Chapter 23 Quiz Part 2 - The Puritan and Catholic threat to Elizabeth's settlement
Sign in to Google
to save your progress.
1. What name was given to Protestants who believed that the state had no right over the Church, and therefore that perhaps they should break with the Church of England?
2. These Protestants argued that they should not swear loyalty to the monarch, because of Predestination, meaning that they believed they were part of the ...?
3. Elizabeth refused to officially endorse which code, published by Matthew Parker in 1566, which stated expectations for clergymen in terms of doctrine, liturgy and clerical dress? (Offenders against the code would have to be tried either by herself or members of the Privy Council – this would set up a religious conflict that may have ended up in civil war).
The 39 Articles
The 6 Decrees
4 In which areas is there the most evidence for Catholicism continuing during the 1560s?
Oxford and Cambridge
London and other urban areas
South West and areas far from London
5. It is difficult to be precise about the numbers of Catholics after 1559, partly due to a difficulty in defining what being a Catholic actually meant. For example, what term is generally given to those Catholics who were loyal to Catholic beliefs but nevertheless attended the Anglican Church?
Prisoners of Rome
6. What term is generally used to refer to Catholics who refused to attend Church of England services and continued to believe in papal supremacy?
Prisoners of Rome
7. There was a controversy over the use of what in parish churches, demonstrating that Elizabeth did not share the same views as her bishops? (She wanted to keep these, whereas the bishops wanted them removed).
8. What name was given to the controversy where Elizabeth expected a more Catholic style of dress (including a surplice) than many staunch Protestants were willing to accept?
Black Rubric controversy
9. What arguments were used by committed Protestants against the wearing of surplices, risking suspension of their livings? (Choose THREE)
Justification by Faith Alone
Not all seven sacraments are referred to in the bible
Church doctrine and liturgy should be overseen by the monarch, not the Pope (Royal Supremacy)
Church decoration is a distraction from bible teachings
It was not the monarch’s right to determine clerical dress
They rejected the idea that the clergy should be set apart from the laity as 'special'
Transubstantiation is wrong - no miracle occurs during the Eucharist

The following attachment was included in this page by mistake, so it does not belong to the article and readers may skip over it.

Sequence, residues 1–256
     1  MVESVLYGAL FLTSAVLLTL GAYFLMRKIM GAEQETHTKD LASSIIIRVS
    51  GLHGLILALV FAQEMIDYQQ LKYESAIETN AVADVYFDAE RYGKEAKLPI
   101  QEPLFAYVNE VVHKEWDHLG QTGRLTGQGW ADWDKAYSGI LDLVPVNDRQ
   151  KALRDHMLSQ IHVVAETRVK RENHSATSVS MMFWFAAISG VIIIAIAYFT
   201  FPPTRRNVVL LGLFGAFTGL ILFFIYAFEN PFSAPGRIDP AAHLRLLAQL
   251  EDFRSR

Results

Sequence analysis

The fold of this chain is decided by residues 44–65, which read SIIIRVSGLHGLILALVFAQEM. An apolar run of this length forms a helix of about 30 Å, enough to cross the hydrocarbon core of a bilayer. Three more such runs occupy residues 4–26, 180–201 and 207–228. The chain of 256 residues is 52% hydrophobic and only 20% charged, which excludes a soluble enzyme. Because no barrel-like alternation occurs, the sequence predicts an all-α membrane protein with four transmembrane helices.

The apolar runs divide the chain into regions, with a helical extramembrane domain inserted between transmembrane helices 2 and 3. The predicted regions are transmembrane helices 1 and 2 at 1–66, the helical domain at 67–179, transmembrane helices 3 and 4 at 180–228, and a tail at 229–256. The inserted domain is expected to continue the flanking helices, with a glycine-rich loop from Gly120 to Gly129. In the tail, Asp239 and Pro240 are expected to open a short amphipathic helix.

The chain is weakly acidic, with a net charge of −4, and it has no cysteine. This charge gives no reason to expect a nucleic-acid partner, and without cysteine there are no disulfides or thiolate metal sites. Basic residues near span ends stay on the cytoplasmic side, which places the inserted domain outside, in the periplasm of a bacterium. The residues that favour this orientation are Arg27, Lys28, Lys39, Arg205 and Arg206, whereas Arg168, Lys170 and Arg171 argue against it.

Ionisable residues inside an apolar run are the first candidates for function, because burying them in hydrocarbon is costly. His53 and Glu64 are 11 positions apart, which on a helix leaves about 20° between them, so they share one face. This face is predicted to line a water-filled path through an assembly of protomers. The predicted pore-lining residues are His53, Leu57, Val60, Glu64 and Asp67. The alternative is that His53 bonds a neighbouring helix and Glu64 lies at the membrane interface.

There were biblical references forbidding the wearing of surplices
10. Who still placed the sacrament in the mouths of communicants after 1560? (He is just one example of many clergymen who maintained Catholic beliefs).
William Allen of Bristol
William Cecil of London
William Argyle of Cambridge
William James of Exeter
William Wallace of Chester
William Wall of Preston
11. Which influential members of communities across England could help support the continuance of belief and practice, by holding private masses in their personal chapels, for example, or turning a blind eye to recusancy? (Choose TWO)
Members of England’s standing army
Members of the gentry
The middling sort
Justices of the Peace
12. What term refers to the idea that most Catholics, until 1570, outwardly obeyed the Church of England while privately continuing to maintain their own beliefs?
13. Elizabeth avoided using the death penalty against those who refused the Oath of Supremacy twice (even though that was the punishment stated) by asking Parker not to offer the second opportunity to swear. She also avoided issuing the death penalty for saying Mass. Why did she take this tolerant and lenient approach? (Choose TWO reasons).
She did not have the resources to tackle religious non-compliance
She did not have the right educational background
She was fearful of Mary, Queen of Scots
She did not want to risk political instability if Catholic noblemen opposed her
She was not interested in religion
She was advised to do this by John Knox and William Cecil
She was scared of Catholic clergymen
She was a passive ruler who took little interest in ruling the country herself
This form was created inside of Bristol Grammar School.